Taiga Labs

Using distributed ledger as a tool for digital authentication


2023-11-10 (Updated)

We think the most important feature of the blockchain is verifiability. Users don't care about decentralization and many earlier projects have been built solely for price action, failing to help people understand the true potential of the noble technology.

Blockchain's unique approach of chaining a sequence of data using a cryptographic hash function ensures data immutability. By design, the distributed ledger can serve as a source of truth in the digital space where millions of computers are interconnected. Immutably persisted data can be useful in some cases.

Where blockchain is needed

Truth matters when one seeks to prove something. Depending on the context, a prover needs a well-grounded fact of some sort to convince the listeners. If she were to prove over the Internet, she should have this truth information reliably kept somewhere, free from tampering. Blockchain is one of the places where such data can be persisted.

Why verifiable computing

A prover, however, only wants to selectively disclose the truth. She should use only as little information as she can that is just enough to convince the audience. If not, the redundant knowledge may later be used against her.

For decades, scientists and engineers have attempted to devise a technique that allows verifying the result of computation with significantly smaller computational resource than executing the computation. Verifiable computing, in addition to facilitating the verification cheaply, protects the provers by letting them hide the detail of the computation and submit only the necessary parts, for example, just the result of it. Given that there is a way to convert any logical expression into an arithemetic representation, this new approach suggests that we can make some generic argument without revealing all the details of the reasoning to support that argument.

Verifiable computing can be an immense enhancement to blockchain as it makes the core feature of the blockchain, verifiability from data immutability, usable. Also known as zero-knowledge proofs, it opens the possibility of making an undeniable claim about partly obscured immutable truth.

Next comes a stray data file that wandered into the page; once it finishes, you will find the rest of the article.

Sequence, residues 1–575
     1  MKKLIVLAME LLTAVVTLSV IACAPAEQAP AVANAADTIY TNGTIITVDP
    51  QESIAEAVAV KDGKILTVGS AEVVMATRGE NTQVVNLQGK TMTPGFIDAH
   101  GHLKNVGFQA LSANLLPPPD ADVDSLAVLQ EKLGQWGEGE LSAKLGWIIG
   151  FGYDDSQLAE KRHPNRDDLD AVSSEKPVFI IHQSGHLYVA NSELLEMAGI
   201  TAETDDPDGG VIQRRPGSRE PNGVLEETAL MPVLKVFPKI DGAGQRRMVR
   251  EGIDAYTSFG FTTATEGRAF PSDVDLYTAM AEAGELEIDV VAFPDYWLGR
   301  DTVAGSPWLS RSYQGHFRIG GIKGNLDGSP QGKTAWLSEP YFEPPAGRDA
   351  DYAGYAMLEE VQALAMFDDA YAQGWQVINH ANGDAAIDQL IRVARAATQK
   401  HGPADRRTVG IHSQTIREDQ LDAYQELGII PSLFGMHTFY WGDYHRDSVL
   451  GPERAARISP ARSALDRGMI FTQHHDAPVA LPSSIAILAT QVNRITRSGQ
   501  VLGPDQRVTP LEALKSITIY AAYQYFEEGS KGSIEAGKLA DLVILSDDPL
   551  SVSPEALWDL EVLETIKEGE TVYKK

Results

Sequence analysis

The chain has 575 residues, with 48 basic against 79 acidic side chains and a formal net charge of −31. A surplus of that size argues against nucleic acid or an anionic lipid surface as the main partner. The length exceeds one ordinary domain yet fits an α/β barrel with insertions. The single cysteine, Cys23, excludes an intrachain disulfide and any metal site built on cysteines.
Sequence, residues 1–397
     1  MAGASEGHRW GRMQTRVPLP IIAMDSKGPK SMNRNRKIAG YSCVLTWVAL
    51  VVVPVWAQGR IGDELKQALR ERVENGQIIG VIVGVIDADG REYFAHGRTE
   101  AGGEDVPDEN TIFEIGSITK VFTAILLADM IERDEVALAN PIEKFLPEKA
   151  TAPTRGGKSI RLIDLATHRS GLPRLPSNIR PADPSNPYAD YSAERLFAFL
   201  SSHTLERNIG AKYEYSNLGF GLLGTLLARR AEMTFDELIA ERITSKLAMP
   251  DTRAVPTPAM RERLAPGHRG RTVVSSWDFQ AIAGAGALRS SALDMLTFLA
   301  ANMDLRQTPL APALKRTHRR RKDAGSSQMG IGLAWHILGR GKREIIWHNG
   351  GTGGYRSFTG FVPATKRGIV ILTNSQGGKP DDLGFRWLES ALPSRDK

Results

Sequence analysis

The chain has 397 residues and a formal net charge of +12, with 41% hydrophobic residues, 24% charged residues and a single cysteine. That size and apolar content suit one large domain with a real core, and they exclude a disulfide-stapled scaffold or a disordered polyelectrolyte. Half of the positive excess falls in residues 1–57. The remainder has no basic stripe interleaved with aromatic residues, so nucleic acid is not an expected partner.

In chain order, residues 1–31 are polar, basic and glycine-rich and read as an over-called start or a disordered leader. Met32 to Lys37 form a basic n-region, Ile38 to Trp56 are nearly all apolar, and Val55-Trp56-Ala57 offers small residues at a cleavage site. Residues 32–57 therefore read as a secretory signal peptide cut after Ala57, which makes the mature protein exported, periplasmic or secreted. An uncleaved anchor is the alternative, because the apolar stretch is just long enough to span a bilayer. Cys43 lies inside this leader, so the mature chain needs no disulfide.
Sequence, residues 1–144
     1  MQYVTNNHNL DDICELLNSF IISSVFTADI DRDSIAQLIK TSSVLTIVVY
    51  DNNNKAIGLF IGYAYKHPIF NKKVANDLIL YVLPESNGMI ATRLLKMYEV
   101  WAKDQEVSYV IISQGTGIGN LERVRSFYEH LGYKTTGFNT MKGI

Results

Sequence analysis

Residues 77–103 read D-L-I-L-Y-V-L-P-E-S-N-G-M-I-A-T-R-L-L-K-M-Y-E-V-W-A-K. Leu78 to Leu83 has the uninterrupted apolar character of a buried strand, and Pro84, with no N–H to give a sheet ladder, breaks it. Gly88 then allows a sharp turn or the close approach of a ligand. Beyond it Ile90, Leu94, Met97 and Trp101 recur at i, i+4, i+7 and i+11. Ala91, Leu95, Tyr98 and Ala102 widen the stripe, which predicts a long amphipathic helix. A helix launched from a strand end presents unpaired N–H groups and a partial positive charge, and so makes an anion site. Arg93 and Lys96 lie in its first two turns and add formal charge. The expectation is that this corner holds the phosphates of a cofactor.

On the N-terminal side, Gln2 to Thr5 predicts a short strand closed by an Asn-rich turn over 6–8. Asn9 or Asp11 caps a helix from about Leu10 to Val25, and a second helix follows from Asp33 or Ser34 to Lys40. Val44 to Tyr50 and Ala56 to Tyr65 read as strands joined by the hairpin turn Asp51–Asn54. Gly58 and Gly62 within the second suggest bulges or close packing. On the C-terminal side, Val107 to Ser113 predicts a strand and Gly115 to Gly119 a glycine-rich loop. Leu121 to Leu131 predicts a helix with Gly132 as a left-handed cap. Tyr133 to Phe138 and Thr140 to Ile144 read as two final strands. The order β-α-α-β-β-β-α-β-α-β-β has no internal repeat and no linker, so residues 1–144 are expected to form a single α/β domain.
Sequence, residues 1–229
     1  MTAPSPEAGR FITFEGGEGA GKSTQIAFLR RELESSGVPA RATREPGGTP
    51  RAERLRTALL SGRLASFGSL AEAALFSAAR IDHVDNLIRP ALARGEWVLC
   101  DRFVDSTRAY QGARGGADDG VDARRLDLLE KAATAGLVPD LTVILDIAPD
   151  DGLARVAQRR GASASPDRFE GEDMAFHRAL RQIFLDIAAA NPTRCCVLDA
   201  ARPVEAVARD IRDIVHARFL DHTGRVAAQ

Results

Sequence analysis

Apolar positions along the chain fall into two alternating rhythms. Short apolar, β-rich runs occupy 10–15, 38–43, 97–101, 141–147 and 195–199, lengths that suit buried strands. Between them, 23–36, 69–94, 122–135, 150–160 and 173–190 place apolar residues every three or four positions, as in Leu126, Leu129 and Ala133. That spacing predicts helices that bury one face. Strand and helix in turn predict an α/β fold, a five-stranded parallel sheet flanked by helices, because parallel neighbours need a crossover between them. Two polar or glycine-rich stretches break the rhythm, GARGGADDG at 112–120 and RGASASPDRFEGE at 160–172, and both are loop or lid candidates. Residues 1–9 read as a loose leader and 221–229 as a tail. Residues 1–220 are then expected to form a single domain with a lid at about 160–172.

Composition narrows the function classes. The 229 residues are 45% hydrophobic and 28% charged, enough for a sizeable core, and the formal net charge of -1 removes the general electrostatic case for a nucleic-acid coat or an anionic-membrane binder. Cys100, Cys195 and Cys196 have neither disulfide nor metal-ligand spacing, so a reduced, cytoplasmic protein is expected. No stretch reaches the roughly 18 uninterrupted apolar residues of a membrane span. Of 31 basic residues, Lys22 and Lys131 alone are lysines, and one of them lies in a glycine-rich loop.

Blockchain's value proposition

Taiga Labs believe some fundamental value proposition of the distributed ledger can arise from this aspect. Being able to claim a fact, with shrewd control over how much information to publicize, can affect how humans interact. It means various categories of products, not just finance apps, would make use of the blockchain with some specific purposes other than price action.

Down the road, Taiga Labs will investigate what the combination of the two technologies, an immutable ledger and zero-knowledge proofs, would imply to our day-to-day lives.

Questions we seek to answer include

  • Can verifiable computing help reduce the spread of misinformation without forcing users to submit all the unwanted information?
  • Will it replace the existing digital authentication scheme in terms of what type of data should be collected and in what procedure?
  • How much cost-saving can the new technology bring about with respect to user data protection?
  • Can it help multi-party decision-making process in the digital space?
  • Which segment of the market would most need such technology?

And to a further extent,

  • Can we verify machine intelligence (ML training/inference) so that users don't just take the behavior of AI as something they can't do anything about?